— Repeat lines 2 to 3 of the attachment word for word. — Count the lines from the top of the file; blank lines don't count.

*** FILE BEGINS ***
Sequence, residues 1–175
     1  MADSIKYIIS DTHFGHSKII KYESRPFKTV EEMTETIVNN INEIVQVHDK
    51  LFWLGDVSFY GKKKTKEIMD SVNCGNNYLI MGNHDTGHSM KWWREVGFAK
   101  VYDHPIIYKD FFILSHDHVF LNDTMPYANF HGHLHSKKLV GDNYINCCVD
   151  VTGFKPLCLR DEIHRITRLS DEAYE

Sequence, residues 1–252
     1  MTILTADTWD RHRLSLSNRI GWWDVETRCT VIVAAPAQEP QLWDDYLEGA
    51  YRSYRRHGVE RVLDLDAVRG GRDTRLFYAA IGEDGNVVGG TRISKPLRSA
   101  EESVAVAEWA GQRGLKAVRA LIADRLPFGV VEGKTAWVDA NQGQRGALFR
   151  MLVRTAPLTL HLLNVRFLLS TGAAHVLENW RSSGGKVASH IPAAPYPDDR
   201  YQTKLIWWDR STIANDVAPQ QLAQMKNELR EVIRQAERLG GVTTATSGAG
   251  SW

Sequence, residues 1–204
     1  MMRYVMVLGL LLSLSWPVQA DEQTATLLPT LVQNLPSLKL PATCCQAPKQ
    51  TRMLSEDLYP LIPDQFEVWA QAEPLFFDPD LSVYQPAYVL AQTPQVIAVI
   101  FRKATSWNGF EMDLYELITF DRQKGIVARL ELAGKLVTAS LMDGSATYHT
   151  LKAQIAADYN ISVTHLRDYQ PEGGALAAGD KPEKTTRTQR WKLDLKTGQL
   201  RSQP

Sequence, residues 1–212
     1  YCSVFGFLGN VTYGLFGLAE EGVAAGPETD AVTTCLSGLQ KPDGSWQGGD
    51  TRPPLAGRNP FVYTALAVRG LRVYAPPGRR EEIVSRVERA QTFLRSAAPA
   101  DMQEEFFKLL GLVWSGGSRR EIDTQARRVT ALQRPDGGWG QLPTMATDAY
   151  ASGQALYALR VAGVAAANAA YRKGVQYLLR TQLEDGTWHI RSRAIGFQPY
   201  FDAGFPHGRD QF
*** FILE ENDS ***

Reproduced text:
     1  MADSIKYIIS DTHFGHSKII KYESRPFKTV EEMTETIVNN INEIVQVHDK
    51  LFWLGDVSFY GKKKTKEIMD SVNCGNNYLI MGNHDTGHSM KWWREVGFAK